Frequent Questions and Concerns about Social Networking

What is online social networking?

Online social networking is when kids connect with other people online through certain websites. The most common for kids today include Facebook, Myspace, and Twitter. Each person creates his or her own account and page, and posts information, photos, video, and comments. When a person “friends” another person through a social networking site, that person can then access the other person’s page and make comments, upload photos and so on. Right now, most kids think social networking is the best way to connect with others (outside of actually being and talking with them).

Learn more about the components of social networking >

Is social networking safe for kids?

It depends on how old your child is, what she posts online, and what she knows about online safety. Although most social networking sites require kids to be a certain age (often 13) to sign up, many kids as young as eight years old are lying about their age and getting involved in social networking. You want to make sure your child understands how a social networking site works and which information is safe to post.

Learn more about keeping kids safe online >

Most social networking sites feature strong privacy settings that enable your child to decide which information to share with all other users of that site can see, and which is restricted only to friends. Understanding and using these settings is important not only for your child’s safety, but also to prevent any unwanted embarrassment or vulnerability.

Often, the default settings on social networking sites are set to “public.” Make sure to visit the privacy page of any social networking site with your child to change the settings. Many sites provide a high degree of flexibility in deciding which elements of a profile to share. The safest settings are to restrict access to all parts of a profile to approved friends only. Your child also has the option to block certain people from seeing her or his page, and often the ability to pre-approve all comments posted on the page.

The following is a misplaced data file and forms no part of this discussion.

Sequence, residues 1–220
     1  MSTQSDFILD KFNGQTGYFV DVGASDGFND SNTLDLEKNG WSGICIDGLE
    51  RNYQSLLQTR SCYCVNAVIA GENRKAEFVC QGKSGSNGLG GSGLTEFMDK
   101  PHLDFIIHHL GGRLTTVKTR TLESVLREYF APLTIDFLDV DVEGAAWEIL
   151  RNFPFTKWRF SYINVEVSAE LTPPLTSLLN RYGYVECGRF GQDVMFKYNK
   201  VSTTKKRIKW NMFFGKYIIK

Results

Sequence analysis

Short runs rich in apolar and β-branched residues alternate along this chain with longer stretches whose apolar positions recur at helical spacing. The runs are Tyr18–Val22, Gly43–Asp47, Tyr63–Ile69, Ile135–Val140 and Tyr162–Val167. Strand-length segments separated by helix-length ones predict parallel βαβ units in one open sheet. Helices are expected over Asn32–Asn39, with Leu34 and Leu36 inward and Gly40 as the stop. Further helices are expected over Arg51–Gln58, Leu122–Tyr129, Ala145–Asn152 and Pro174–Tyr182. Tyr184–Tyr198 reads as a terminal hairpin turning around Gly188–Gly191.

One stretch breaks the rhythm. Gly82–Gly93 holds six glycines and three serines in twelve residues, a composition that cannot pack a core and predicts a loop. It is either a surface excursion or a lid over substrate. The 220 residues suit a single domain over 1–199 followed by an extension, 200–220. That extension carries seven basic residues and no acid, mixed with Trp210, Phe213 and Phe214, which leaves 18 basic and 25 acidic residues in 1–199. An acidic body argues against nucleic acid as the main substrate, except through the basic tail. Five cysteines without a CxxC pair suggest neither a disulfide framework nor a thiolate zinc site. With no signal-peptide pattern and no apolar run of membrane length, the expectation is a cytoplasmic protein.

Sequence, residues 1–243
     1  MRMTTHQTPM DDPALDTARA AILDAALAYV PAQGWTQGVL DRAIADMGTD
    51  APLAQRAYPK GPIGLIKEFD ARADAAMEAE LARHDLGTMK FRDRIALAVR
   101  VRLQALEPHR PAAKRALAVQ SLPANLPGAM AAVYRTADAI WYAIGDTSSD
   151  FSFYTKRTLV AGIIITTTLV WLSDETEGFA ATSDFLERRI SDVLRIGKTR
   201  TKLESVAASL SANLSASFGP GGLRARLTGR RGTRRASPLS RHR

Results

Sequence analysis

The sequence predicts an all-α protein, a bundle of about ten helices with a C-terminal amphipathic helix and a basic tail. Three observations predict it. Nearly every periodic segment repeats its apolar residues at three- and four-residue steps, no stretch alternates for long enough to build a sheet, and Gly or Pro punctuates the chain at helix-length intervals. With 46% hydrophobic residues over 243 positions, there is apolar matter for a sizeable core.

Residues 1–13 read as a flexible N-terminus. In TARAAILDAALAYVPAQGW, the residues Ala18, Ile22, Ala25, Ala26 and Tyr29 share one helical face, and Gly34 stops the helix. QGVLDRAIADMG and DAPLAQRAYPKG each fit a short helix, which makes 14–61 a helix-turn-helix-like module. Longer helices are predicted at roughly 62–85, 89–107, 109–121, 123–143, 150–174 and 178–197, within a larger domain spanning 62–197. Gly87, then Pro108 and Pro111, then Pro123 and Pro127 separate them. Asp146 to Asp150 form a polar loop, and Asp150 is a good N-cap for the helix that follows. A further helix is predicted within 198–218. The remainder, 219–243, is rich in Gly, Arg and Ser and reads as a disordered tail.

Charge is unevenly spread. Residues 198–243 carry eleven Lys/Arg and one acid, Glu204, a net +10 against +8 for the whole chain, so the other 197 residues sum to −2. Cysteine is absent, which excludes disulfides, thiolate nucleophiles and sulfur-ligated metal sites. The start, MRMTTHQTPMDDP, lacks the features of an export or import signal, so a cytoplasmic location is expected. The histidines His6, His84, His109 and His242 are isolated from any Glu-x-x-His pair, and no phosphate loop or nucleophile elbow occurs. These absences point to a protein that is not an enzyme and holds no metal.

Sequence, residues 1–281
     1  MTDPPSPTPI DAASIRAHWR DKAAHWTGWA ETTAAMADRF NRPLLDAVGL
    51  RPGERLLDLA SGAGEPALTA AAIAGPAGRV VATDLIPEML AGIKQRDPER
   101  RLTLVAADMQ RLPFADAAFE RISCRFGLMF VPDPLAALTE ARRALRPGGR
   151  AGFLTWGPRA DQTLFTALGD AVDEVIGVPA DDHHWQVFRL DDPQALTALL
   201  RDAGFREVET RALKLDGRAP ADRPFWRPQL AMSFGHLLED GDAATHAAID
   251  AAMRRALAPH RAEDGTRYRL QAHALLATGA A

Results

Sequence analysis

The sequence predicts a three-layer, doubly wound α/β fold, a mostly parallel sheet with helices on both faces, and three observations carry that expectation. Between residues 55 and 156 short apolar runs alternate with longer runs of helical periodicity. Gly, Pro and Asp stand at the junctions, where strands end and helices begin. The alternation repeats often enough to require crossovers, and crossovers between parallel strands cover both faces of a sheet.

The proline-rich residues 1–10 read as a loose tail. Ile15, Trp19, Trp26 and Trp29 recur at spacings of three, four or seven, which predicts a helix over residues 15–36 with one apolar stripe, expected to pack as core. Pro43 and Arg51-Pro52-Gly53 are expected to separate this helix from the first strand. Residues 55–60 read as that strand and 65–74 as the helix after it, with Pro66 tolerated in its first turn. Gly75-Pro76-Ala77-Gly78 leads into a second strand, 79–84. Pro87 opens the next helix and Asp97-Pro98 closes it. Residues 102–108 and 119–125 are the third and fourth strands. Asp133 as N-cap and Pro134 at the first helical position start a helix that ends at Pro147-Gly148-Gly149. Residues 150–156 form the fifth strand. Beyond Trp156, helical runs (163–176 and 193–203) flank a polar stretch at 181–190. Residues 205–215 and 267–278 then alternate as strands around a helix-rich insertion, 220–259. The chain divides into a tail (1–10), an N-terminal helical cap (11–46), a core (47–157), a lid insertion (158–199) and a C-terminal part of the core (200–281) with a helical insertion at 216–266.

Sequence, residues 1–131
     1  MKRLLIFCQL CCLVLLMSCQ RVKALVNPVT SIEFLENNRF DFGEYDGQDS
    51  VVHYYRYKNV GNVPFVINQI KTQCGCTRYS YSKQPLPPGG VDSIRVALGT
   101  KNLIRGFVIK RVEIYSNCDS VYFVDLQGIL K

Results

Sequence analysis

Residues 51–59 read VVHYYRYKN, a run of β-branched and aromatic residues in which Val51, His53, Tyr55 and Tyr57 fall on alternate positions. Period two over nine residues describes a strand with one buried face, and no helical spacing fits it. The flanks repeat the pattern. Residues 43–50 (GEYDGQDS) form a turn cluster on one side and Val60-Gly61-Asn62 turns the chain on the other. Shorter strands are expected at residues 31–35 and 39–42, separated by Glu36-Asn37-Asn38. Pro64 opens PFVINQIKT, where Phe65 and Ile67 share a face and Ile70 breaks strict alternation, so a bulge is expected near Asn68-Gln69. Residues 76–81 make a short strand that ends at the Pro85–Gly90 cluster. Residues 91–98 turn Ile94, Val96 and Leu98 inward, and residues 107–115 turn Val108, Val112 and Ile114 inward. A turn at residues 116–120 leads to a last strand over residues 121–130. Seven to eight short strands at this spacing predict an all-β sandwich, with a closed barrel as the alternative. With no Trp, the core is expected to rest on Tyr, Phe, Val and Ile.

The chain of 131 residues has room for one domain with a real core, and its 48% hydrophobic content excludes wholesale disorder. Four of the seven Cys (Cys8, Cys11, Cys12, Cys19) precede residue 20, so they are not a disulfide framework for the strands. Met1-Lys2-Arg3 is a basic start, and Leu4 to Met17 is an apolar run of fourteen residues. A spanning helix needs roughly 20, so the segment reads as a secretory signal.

Should parents become friends of their kids online?

A number of parents won’t let their kids (especially their younger kids) have a social networking site unless the parent is allowed to be a friend. As a parent, this is a safety measure and is meant to give you access to monitor what’s going on. If you are your child’s social network friend, be careful not to post messages or photos that would embarrass your child. As kids get older (such as in high school), many “defriend” their parents or refuse to allow them access. This is part of normal teenage separation. Just make sure you’re clear about how you expect your teen to act online and that cyberbullying, sexting, and inappropriate postings are not allowed.

 

Comments

5

this site answered my questions!

Smart!!

This is from an article I found, following my 14 year old son’s trip to the ER last week, because he thought he could drink. While I realize that social networking is not the only reason, I do believe it was a considerable contributing factor. He was on Instagram, text +, and facebook regularly. I was monitoring his posts/texts, but I still did not realize that by seeing drugs and alcohol being used by other kids on a regular basis, this cyber world was normalizing substance abuse with thousands of images a day.

Please read this, and please monitor and or limit your kids’ social networking. According to this, 65% of parents don’t. My son will not be part of these now, and I’m not sure when or if I will feel it’s safe for him to do so. Please let my experience prevent you having to go there!

Study: Teens who use social media more likely to drink, use drugs

by Jim Romenesko
Published Aug. 24, 2011 9:44 am
Updated Aug. 24, 2011 12:27 pm
Chicago Tribune | National Center on Addiction and Substance Abuse
American teens who in a typical day spend any time on social networking sites are at increased risk of smoking, drinking and drug use, according to a back-to-school survey [PDF] by the National Center on Addiction and Substance Abuse at Columbia University. It found:
Compared to teens that spend no time on social networking sites in a typical day, teens that do are:

  • Five times likelier to use tobacco;
  • Three times likelier to use alcohol; and
  • Twice as likely to use marijuana.

ya its true…..i m 20 yrs old.I think it must be taken care of that kid must not be involved in stuffs which are not of any use….or wastage of time and creating problems for themselves.Parents must direct them towards some other creative tasks…..and give time to their kids as much as they can…

this site is of no use

Medie network is very items to seen and most interesting.

Need more information not enough. ...

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